Category : RIAA

The value of music labels

Wired has a great interview on their site. It’s a Thom Yorke interview conducted by David Byrne. You should check it out.

This is the part that stuck with me:

Byrne: What about bands that are just getting started?

Yorke: Well, first and foremost, you don’t sign a huge record contract that strips you of all your digital rights, so that when you do sell something on iTunes you get absolutely zero. That would be the first priority. If you’re an emerging artist, it must be frightening at the moment. Then again, I don’t see a downside at all to big record companies not having access to new artists, because they have no idea what to do with them now anyway.

Byrne: It should be a load off their minds.

Yorke: Exactly.

We won’t be so lucky to have the major labels slit their own wrists, but they’re doing everything up to that to kill themselves. It’s almost as if they’re dinosaurs hoping for the asteroid to come. In Rainbows wasn’t the asteroid, but it might be a harbinger comet. I feel compelled to stand before RIAA headquarters with a big sign saying “REPENT!”

The end is nigh.

AG Alberto Gonzales, wounded by his recent string of lies and spin before Congress, is proposing a crackdown on copyright infringement.

  • Permit more wiretaps for piracy investigations. Wiretaps would be authorized for investigations of Americans who are “attempting” to infringe copyrights.
  • Allow computers to be seized more readily. Specifically, property such as a PC “intended to be used in any manner” to commit a copyright crime would be subject to forfeiture, including civil asset forfeiture. Civil asset forfeiture has become popular among police agencies in drug cases as a way to gain additional revenue, and is problematic and controversial.
  • Increase penalties for violating the Digital Millennium Copyright Act’s anti-circumvention regulations. Currently criminal violations are currently punished by jail times of up to 10 years and fines of up to $1 million. The IPPA would add forfeiture penalties too.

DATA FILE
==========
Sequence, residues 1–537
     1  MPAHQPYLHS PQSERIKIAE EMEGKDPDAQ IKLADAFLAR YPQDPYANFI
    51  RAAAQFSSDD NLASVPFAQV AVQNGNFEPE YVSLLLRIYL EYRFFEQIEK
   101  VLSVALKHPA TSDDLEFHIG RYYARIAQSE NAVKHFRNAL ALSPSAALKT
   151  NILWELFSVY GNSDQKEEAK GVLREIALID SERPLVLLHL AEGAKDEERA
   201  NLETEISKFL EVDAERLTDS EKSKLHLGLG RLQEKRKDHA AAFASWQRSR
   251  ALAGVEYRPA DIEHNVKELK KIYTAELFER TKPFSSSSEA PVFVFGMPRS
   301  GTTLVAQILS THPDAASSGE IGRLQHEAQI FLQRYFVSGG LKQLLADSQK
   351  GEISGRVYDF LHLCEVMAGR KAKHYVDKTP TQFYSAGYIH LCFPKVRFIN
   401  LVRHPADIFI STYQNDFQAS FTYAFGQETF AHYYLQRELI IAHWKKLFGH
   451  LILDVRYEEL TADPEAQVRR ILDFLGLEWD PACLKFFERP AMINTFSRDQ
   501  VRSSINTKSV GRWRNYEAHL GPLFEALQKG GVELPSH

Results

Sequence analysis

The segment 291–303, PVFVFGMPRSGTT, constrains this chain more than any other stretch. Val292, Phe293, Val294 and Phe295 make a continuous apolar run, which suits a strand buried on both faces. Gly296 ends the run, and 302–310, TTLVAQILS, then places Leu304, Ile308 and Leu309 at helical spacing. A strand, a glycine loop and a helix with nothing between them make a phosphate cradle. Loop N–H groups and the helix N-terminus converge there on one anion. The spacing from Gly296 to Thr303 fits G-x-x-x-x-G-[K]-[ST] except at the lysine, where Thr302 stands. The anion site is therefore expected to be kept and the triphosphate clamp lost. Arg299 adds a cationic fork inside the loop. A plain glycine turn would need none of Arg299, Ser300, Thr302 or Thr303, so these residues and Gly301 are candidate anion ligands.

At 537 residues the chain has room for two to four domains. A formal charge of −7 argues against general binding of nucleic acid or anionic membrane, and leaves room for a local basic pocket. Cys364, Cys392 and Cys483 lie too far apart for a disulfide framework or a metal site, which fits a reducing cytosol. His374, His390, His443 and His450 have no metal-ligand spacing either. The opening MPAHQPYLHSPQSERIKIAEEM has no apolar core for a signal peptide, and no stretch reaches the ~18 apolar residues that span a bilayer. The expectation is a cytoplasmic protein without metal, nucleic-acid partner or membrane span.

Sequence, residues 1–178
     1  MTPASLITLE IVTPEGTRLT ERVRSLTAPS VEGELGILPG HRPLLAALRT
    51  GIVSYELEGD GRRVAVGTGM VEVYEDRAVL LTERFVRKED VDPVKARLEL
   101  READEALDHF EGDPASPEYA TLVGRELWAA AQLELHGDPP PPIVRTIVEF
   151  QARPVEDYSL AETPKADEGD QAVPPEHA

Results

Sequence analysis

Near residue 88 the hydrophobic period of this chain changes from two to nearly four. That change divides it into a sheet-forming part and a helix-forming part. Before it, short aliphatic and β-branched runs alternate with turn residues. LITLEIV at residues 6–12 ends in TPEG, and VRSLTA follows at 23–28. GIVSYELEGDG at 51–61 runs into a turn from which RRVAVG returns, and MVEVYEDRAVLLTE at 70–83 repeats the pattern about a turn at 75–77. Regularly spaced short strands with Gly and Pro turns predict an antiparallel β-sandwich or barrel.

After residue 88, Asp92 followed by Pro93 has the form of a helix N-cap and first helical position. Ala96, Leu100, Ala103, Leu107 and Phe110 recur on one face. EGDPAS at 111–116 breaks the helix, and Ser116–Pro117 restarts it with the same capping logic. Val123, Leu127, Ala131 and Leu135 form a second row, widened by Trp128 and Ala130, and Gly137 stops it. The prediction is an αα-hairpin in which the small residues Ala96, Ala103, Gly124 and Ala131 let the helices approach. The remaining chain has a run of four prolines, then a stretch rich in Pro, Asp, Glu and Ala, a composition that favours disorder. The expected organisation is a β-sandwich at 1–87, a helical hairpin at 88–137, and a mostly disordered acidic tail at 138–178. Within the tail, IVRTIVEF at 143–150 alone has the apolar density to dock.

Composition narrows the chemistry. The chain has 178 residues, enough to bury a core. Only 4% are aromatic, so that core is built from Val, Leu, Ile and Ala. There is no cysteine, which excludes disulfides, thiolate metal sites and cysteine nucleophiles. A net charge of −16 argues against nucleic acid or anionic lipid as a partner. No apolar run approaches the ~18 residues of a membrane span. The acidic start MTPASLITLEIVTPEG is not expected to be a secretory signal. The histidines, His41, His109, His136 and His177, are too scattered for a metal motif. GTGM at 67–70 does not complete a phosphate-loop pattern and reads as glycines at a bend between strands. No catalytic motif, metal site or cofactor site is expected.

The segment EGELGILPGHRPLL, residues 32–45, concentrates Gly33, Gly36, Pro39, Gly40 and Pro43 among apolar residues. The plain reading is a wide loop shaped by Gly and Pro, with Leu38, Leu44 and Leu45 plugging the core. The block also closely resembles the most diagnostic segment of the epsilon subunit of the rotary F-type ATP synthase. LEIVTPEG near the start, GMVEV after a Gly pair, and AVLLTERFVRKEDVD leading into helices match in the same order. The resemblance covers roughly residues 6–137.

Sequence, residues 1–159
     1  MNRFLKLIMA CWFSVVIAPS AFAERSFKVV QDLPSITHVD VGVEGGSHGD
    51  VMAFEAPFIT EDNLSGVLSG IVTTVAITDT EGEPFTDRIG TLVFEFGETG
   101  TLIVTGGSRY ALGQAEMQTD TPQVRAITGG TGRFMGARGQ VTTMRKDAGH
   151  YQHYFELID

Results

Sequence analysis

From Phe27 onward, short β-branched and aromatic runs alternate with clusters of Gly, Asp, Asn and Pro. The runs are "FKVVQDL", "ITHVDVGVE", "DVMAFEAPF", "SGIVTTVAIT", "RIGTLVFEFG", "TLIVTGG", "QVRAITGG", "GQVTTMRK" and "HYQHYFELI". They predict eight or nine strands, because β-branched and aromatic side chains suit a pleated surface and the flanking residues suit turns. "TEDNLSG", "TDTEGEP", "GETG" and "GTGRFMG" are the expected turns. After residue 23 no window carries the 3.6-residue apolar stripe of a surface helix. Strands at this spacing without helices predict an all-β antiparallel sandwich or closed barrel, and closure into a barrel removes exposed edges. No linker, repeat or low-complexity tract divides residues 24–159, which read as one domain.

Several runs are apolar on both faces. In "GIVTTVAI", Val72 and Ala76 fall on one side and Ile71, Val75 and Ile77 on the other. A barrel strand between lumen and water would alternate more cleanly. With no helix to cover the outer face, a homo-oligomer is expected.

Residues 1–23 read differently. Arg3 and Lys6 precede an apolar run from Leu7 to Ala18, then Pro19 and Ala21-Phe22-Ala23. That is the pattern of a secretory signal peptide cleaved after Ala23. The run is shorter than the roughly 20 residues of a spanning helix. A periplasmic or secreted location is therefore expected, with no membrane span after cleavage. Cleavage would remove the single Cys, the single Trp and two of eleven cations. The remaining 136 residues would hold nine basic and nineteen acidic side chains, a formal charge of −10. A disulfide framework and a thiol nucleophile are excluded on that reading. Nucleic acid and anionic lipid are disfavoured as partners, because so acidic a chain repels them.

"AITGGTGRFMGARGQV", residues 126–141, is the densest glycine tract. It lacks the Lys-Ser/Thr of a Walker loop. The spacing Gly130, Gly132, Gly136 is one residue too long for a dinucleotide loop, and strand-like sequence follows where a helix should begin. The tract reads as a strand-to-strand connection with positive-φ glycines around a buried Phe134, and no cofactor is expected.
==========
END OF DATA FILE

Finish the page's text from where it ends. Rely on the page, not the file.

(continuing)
• Add penalties for “intended” copyright crimes. Currently certain copyright crimes require someone to commit the “distribution, including by electronic means, during any 180-day period, of at least 10 copies” valued at over $2,500. The IPPA would insert a new prohibition: actions that were “intended to consist of” distribution.

This is typical of the neocons. The wind is blowing against them, so they’ve redoubled their efforts rather than wondering if it’s a good idea to pursue the same goals so mindlessly.

She’s a witch! Burn the witch!!
It might also be an attempt to woo Hollywood Democrats by making them an offer they can’t refuse. Many Democrats (and Republicans too, of course) take large amounts of money from the MPAA and RIAA (collectively known as the mafiaa), which is fully in support of this legislation. One gets the idea they’d be in support of a bill that called for executions on the spot for suspected pirates. Piracy is much like terrorism that respect; it’s a word used almost exclusively to demonize a certain group, which gives power to those who are able to prosecute and persecute them. Basically, it’s a 21st century witch-hunt.